Mental health blogs can sometimes tend to focus on the ‘dark stuff’. It is fair to say that we mental health sufferers do have to battle with a lot of challenging stuff. This week alone has already started off as a real bastard for me. But want I want to focus on in this post is the cool shit that has happened to me because of my mental health. Some of it has been delightfully heartwarming, and some downright hilarious….maybe not in the moment. But on reflection, I certainly have some great dinner party stories.
The people I have met:
I have met the most extraordinary people on this journey. The ones that stand out are fellow sufferers. They are resilient, brave, honest and real. I have also met some real characters especially during my two visits to the Inpatient Unit….we got up to some funny shit in there. Nothing quite like opening your door in the morning to a fellow ‘inmate’ accusing you of looking like your family was stuck in the twin towers. Or giggling like school kids because another fellow inmate confesses to you that he has been sneaking off to the hospital cafe, helping himself, running away, and blatantly lying to the nurses about it….I can’t blame him really the food on the wards was pretty shit!
The unexpected kind gestures I have been shown:
There was the time a bunch of flowers arrived for me at the hospital from my work, the time a friend made me a whole week of meals because she knew I wasn’t feeling well. Once I heard a large truck backing into the yard and a kitset vegetable garden was unloaded – a gift from a friend. Once I booked non-refundable flights while I was unwell and booked them in the wrong direction but didn’t notice until weeks later. The company kindly refunded my ticket when I explained why I had made the mistake. A card, a gift basket, a phone call, all kind gestures that have been shown to me on my journey at some point. They don’t happen all the time and there can be large gaps between any kind gesture, but they have happened.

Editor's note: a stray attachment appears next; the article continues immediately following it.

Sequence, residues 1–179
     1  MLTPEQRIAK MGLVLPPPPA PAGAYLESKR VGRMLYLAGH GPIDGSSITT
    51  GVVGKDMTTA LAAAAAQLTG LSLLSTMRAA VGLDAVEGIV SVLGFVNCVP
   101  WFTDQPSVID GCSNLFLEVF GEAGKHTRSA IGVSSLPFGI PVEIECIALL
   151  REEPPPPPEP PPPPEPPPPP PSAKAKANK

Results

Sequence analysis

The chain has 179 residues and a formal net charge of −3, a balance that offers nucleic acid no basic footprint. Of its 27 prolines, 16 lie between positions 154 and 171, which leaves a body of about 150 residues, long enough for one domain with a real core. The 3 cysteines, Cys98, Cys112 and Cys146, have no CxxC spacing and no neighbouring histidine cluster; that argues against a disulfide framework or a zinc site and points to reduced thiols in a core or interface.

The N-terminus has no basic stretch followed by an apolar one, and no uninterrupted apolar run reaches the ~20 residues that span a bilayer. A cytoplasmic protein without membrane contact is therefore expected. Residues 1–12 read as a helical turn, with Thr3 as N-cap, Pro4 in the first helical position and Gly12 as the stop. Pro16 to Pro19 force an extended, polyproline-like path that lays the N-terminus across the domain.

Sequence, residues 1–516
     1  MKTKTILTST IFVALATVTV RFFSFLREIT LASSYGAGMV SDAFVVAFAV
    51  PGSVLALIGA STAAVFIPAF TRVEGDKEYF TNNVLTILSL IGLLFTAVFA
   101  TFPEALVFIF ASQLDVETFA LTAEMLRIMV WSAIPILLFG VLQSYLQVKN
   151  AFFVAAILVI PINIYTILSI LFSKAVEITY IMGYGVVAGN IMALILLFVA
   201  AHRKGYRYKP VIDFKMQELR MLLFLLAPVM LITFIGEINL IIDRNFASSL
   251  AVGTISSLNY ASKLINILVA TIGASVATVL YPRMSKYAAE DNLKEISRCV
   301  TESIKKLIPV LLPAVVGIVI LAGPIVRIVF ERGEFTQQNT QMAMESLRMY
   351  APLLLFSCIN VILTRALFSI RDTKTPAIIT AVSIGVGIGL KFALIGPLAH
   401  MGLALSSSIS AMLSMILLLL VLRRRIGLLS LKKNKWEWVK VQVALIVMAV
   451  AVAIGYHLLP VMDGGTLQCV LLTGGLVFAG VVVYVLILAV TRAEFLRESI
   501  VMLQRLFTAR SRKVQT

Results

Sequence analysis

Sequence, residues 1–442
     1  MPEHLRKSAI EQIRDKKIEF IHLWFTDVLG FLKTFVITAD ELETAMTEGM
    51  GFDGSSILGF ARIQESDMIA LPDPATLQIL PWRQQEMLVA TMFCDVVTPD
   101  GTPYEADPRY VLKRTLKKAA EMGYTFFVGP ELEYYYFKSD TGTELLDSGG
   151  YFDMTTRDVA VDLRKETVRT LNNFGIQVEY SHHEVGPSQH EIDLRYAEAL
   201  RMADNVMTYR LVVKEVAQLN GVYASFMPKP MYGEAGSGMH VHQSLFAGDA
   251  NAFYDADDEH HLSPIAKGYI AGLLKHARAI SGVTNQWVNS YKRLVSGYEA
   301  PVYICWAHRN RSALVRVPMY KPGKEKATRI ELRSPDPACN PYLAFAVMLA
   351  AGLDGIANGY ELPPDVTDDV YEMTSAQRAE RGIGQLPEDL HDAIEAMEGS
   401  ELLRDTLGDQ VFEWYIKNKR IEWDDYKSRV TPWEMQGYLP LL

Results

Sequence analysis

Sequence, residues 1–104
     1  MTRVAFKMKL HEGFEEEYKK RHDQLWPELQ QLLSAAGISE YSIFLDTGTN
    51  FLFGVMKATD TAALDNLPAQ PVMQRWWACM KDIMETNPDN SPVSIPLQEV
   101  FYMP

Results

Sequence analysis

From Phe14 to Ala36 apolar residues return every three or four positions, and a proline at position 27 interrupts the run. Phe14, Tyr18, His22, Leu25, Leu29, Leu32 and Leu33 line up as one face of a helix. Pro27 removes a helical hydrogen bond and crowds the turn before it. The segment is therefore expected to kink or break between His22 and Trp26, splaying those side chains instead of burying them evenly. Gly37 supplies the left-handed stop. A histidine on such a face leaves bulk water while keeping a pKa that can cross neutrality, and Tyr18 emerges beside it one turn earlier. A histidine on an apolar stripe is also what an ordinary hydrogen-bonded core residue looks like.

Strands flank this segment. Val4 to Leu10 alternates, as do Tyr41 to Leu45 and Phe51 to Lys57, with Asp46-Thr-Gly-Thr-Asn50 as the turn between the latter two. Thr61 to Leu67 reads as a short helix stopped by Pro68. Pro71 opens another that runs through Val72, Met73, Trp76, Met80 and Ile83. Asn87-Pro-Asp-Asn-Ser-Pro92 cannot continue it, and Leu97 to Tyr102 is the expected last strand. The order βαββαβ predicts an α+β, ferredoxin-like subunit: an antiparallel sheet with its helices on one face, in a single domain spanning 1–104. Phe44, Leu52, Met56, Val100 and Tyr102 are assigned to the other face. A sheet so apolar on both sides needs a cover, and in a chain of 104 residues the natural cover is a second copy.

The new skills I have developed:
I can’t work full-time and can only work part-time when things are going ok. This means I have a lot of time to kill! I have learned to bake – like properly bake. Pastry, meringue, brioche….you name it I have mastered it. I even once made a croquembouche. You should Google that they are fucking awesome! I took up photography and became pretty ace. I did my post-grad. Took up cycling. Can now make pasta from scratch. I have extensively expanded my dinnertime repertoire. Tried my hand at gardening (I sucked at it). Had a crack at painting (also sucked). Sucking at stuff is not the point though. The point is if I was still working the 9-5 (who am I kidding I was a teacher I was working the 7 until whenever I fell asleep over my marking) I would never have had the time to explore these areas of interest.
The experiences I have had:
Once again because I don’t work full-time I have had the opportunity to go places with people when normally I would have had to have been at work. Now I know some of my readers might be thinking…’you are clearly a rich privileged person’. I want to make it clear I am not rich. But yes I am privileged. I know this because I have been in an Inpatient Unit. If you can read, write, have people in your life that love you, a roof over your head, and food in your cupboards then you are privileged. We have some money but not heaps. So if I want to go on an experience I cleverly think about how I can pay for it, or do it on the cheap. For example, this year I went on a road trip with my Mum for two weeks. She paid for it because I did jobs for her and the money was put aside for that trip. I have done two campervan relocations which we paid $1 a day. We went to Rarotonga recently because I had a friend over there we could stay with. I explore my own backyard much more and I get to spend time with my husband when he has rostered days off. Which I never was able to do in the past. We have even taken up dirt biking together.
Being hit by the mental illness shit stick. Sucks. Big time. I am not trying to minimise that in any way. But being able to see the silver lining in any situation even if it is only brief is how we can move through those really tough times.
What cool things have happened in your life because of your illness? Someone you have met, an experience you have had, maybe a new skill you have developed. I would love to know.